Right now we have around 15 people, including bartenders and wait staff. We don’t see each other every day, because we take different off-days. But on Friday and Saturday, everyone’s back here to work.

No. When I joined Manhattan, I only knew about Jack Daniels because Jack Daniels was the whiskey that my grandfather used to drink. I had no idea about the rest of the drinks. It was very hard for a newbie to start work here, because when Manhattan started its operations, we wanted to introduce craft spirits, not just commercial ones. So if some people ask for a Gordon and tonic — Gordon is a gin brand— I could not suggest alternatives because I didn’t know other kinds of gin existed.

There was never a big drinking culture in family, except for my grandfather. He used to teach taekwondo in the US army. That’s how he got into American whiskey. it’s so hard to see people in my generation asking for whiskies like Jack Daniels. They mostly go for soju or beer, because they were never exposed to whiskies. Whiskies are also expensive. Soju is only like, 5 Singapore dollars, but imagine how much a bottle of gin would cost in comparison?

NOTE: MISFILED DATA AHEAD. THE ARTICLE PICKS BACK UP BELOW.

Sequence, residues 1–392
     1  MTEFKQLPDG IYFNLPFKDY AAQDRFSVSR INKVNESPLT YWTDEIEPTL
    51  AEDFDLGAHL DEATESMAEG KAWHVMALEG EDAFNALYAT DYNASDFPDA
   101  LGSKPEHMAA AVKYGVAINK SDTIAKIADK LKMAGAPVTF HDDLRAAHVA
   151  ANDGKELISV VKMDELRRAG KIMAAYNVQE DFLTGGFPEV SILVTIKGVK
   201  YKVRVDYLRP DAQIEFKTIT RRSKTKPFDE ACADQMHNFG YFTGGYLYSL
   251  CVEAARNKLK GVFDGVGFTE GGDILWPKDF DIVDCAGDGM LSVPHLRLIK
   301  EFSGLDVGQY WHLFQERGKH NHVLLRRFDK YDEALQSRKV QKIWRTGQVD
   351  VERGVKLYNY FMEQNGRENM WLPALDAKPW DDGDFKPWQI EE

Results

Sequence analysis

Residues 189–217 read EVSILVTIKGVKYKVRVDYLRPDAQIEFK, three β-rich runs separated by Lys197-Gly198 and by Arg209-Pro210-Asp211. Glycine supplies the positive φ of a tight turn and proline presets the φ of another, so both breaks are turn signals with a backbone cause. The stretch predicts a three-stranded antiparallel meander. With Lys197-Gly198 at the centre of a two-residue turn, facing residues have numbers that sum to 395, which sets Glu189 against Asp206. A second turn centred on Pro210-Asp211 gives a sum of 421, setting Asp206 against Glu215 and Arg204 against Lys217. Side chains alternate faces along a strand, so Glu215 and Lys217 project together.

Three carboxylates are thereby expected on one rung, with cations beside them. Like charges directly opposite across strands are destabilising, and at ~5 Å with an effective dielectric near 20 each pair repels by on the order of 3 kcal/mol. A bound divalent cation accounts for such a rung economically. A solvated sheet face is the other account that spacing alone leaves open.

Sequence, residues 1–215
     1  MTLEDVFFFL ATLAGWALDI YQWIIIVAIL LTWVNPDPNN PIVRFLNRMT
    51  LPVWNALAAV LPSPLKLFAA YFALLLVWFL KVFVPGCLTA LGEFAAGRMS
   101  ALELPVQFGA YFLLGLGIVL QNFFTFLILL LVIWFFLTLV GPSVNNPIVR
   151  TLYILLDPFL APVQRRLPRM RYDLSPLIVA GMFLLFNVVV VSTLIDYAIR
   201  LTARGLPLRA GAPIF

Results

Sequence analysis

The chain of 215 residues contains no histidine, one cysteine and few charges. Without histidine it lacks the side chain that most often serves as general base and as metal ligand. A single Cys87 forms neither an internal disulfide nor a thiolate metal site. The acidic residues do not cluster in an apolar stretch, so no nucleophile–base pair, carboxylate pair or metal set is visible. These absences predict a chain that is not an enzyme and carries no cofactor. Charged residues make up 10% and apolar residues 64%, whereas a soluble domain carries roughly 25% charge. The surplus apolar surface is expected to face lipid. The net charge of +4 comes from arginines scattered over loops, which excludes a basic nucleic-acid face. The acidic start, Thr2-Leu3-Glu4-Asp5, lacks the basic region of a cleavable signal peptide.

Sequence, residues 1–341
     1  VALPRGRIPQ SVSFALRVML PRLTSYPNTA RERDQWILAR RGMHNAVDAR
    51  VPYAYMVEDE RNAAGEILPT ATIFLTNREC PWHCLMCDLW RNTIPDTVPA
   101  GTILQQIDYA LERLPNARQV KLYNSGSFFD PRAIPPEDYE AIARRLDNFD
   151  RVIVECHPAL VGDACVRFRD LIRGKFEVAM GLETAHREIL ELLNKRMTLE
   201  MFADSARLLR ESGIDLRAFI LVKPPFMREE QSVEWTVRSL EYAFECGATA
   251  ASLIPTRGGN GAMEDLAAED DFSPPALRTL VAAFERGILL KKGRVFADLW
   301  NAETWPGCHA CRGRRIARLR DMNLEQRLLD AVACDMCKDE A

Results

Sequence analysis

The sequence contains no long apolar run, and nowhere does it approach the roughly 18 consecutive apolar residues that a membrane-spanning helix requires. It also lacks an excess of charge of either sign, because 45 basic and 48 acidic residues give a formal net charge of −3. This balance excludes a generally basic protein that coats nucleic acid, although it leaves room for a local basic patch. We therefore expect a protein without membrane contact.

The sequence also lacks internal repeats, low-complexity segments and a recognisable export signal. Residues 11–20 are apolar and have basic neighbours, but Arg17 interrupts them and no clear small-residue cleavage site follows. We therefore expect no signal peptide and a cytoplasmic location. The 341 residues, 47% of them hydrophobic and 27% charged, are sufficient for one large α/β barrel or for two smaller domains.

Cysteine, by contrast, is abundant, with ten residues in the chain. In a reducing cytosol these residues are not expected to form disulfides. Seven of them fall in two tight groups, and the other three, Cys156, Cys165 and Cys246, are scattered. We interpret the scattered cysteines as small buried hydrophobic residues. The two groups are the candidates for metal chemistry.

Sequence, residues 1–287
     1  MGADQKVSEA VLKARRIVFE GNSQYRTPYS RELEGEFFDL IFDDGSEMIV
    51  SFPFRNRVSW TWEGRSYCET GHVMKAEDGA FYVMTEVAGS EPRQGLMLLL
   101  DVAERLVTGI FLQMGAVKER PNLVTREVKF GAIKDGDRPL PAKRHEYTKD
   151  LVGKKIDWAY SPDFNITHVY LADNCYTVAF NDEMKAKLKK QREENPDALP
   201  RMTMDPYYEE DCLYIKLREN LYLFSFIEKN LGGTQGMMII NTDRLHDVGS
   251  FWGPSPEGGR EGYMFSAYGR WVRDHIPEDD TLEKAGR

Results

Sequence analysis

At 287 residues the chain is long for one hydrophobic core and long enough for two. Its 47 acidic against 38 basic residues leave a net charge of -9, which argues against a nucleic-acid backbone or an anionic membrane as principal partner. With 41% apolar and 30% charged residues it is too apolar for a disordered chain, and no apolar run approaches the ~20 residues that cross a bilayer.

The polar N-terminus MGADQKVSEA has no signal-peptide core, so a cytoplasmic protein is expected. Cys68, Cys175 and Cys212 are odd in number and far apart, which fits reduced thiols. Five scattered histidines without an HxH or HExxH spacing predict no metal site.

This is a hard question because I take each day as it comes without too far a consideration of the future. I follow what I want to do. When I first joined, I never thought that I was going to be a bartender. And suddenly, I did! So when I moved to the bar, and people asked “what do you want to do now, because you’ve become a bartender already?” But my goal was never just to be promoted. I was actually just curious about what is happening there. That was my only goal. Learning about management just happened to come with learning about bar operations. Everything just fell into place.